Syndicate content

Food prices to edge up in 2019 but energy, trade, and foreign exchange could unsettle outlook

John Baffes's picture

This blog is the fourth in a series of ten blogs on commodity market developments, elaborating on themes discussed in the latest edition of the World Bank’s Commodity Markets Outlook. Earlier blogs are here.
 
Grain prices are projected to edge up 1 percent in 2019 after an estimated 10 percent rise in 2018, and oils and meals prices are expected to increase more than 2 percent next year, reversing a 2 percent decline this year. However, these price forecasts are subjected to risks that include energy, trade, and foreign exchange movements.
 
After gaining some momentum in early 2018, most food commodity prices weakened significantly in the third quarter. The World Bank’s Grain Price Index declined nearly 6 percent in Q3 but was 8 percent higher than a year ago. The Oils and Meals Price Index fell almost 11 percent in Q3, and stands 3 percent lower than a year ago.
 


Food price indexes

 
 
Despite recent price movements, food commodity prices have been relatively stable over the last 4 years after dropping sharply from peaks of 2011 Q1 and early 2015. Grain and edible oil prices are 40 percent down from their early 2011 highs.
 
Price changes of key food commodities


Growing conditions for most grains and oilseeds are favorable for the current season (September 2018 to August 2019). Production estimates for 2018-19 have been revised up for rice, maize, and soybeans. An exception is wheat, which suffered from crop losses due to heat waves in Eastern Europe and Central Asia. Global grain supplies for the current season are projected to reach a combined 3,104 million metric tons (mmt), marginally higher than last season’s 3,094 mmt, exceeding expectations.
 
Production of wheat and rice


Production of maize and soybeans


Risks to the outlook
 
Risk # 1: Energy and fertilizer prices

Energy is a key input to most agricultural commodities and affects production costs directly (through fuel use) and indirectly (through fertilizer and other chemical use). Energy and fertilizer prices, which have strengthened considerably during the past two years, are expected to rise 1 and 2 percent respectively in 2019. Higher-than expected energy prices could exert upward pressure on grain and oilseed prices. A 10 percent increase in energy prices is associated with an almost 6 percent increase in fertilizer prices and a nearly 2 percent increase in grain and edible oil prices (see the Special Focus of the July 2016 Commodity Market Outlook).
 
Energy and fertilizers price indexes


Risk # 2: Trade and domestic support measures

Trade frictions are weighing on the outlook for food commodities. The recent imposition of tariffs by China on U.S. soybean imports led to a decline in soybean prices during June and July. The longer-term impact on commodity prices depends on the degree of trade diversion as well as changes to production and consumption patterns (for example, the substitution of soybean meal with maize for animal feed, or soybean oil with palm and rapeseed oils for human consumption). More importantly, an escalation of existing trade frictions among other countries or involving other commodities could further depress food commodity prices.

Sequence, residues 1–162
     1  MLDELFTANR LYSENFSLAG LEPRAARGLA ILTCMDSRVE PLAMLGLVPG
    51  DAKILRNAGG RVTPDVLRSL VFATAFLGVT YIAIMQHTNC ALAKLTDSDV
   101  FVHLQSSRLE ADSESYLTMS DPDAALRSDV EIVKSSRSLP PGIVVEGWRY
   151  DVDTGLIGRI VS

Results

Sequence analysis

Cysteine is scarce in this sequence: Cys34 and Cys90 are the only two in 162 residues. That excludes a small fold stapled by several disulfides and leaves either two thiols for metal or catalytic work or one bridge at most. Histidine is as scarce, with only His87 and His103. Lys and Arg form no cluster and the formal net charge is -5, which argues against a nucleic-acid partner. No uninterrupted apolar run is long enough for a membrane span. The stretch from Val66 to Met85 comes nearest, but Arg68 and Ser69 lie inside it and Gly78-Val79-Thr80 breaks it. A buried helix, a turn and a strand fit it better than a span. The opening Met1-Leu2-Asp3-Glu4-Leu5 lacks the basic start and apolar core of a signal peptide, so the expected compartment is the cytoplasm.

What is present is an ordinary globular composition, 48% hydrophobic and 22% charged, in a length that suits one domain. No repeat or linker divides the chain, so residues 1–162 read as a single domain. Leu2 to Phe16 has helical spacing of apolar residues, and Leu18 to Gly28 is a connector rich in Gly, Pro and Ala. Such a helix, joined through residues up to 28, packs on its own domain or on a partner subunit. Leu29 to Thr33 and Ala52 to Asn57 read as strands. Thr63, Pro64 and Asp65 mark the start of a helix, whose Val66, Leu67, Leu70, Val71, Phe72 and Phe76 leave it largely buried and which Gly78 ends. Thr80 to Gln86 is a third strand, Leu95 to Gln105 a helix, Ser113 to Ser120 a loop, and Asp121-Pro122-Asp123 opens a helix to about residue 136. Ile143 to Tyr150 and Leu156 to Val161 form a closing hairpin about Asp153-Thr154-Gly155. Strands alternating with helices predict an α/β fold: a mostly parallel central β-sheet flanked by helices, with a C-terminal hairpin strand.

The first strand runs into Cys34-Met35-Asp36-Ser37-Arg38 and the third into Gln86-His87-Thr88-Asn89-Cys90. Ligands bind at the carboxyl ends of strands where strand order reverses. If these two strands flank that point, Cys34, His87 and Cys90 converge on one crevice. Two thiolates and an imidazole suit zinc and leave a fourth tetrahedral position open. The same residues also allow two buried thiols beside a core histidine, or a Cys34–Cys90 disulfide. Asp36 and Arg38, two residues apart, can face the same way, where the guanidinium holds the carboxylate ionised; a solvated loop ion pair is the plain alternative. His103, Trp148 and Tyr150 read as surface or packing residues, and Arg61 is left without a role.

In addition to tariffs, other actions by major producing and exporting countries could affect food commodity prices. These include Argentina’s recent introduction of export taxes on selected agricultural products and the U.S. government’s $1.2 billion agricultural commodity purchases (part of a $12 billion emergency aid package).
 

Soybean prices
 
Risk # 3: Macroeconomic conditions 

Movements of the U.S. dollar against other currencies have already affected commodity prices and could have additional impact in the future. The dollar has appreciated nearly than 10 percent since April 2018. Further strength could depress commodity prices. A 10 percent appreciation of the U.S. dollar against major currencies leads to a 5 percent decline in the prices of internationally traded commodities (see the Special Focus of the July 2016 Commodity Market Outlook).
 
U.S. dollar index
 
Risk # 4: Biofuels

The agricultural outlook assumes that biofuels will be a stable source of demand for some food commodities. Biofuels currently account for 1.6 percent of global liquid energy consumption. However, following a decade of double-digit growth rates for biofuel production, interest has waned since 2014. The International Energy Agency and the Organisation for Economic Co-operation and Development forecast marginal biofuels production growth in the medium term.
 
Even so, higher energy prices could reignite energy security concerns, while lower grain and oilseed prices could trigger policies in favor of increasing biofuel mandates.
 
Biofuel production

 
Risk # 5: El Niño

Conditions for El Niño, a weather pattern that raises the temperature of waters over a vast area of the Central and Eastern Pacific Ocean, are currently neutral. The U.S. National Oceanic and Atmospheric Administration in November assigned an 80 percent probability of a weak El Niño from December 2018 to February 2019. Should this El Niño materialize, heavier-than-expected rains could occur in Central Asia, South America, and East Africa, while drier than normal conditions could take place in Central America, the Caribbean, and Southern Africa. Bananas, coffee, palm oil, and natural rubber tend to be the commodities most affected by El Niño patterns (see the El Niño Focus Section of the October 2015 edition of the Commodity Markets Outlook).
 
Agriculture price index and ENSO Index peaks


 

Add new comment